Title: Dewetting and dielectrowetting in thin films of nematic liquid crystals
Abstract: Thin films of nematic liquid crystal (NLC) find widespread industrial use, in applications ranging from liquid crystal display devices to liquid lenses and optical shutters. Understanding how such films spread and flow is therefore important from an industrial perspective as well as being of fundamental scientific interest. We will describe how asymptotic methods (lubrication theory) can be applied to derive a simplified model for the free surface evolution of NLC films in a number of different settings. Of particular importance for film behavior is the orientation of the NLC molecules, both within the bulk film and at interfaces. The former is dictated by elastic effects and by the presence of applied externalfields such as an electric field; while the latter depends primarily on interactions of the NLC with the adjacent material (a phenomenon known as anchoring). We will present simulations of our model that illustrate film behavior both without (dewetting) and with (dielectrowetting) an applied electric field, showing good qualitative agreement with available experimental data.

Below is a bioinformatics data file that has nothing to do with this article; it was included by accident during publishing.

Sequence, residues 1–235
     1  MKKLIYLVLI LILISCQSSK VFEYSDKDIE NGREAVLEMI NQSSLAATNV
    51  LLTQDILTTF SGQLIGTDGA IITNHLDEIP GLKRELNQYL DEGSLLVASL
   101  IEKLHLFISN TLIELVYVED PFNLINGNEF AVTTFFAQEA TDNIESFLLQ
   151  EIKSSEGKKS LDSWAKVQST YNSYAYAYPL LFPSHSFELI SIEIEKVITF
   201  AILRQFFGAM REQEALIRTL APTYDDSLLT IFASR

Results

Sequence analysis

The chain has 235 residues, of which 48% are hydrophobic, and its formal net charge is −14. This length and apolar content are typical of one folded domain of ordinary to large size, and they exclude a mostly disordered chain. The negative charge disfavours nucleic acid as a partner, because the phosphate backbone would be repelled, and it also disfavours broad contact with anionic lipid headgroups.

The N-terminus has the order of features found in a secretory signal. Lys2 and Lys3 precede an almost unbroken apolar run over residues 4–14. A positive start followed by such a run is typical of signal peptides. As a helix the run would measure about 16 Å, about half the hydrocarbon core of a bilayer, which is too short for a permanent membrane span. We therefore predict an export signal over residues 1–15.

Bio: Professor Cummings obtained both her Bachelor’s and Doctoral degrees from the University of Oxford. She held postdoctoral positions at the Technion and the Ecole Normale Superieure (Paris), before taking up EPSRC and Dorothy Hodgkin Fellowships at the University of Nottingham. She joined the faculty of the University of Nottingham in 2005, and took up her current position at New Jersey Institute of Technology in 2008. She is currently the Associate Chair for Graduate Studies in the Department of Mathematical Sciences, and Associate Dean for Research and Graduate Studies within the College of Science and Liberal Arts. Her research interests are broad, and encompass many areas of industrial mathematics, including Liquid Crystal Display design, and filtration modeling. She is a key organizer of the Mathematical Problems in Industry workshops that are held annually in the North-East United States.
This talk will be offered in a hybrid format. If you wish to participate remotely, please send an email to [email protected].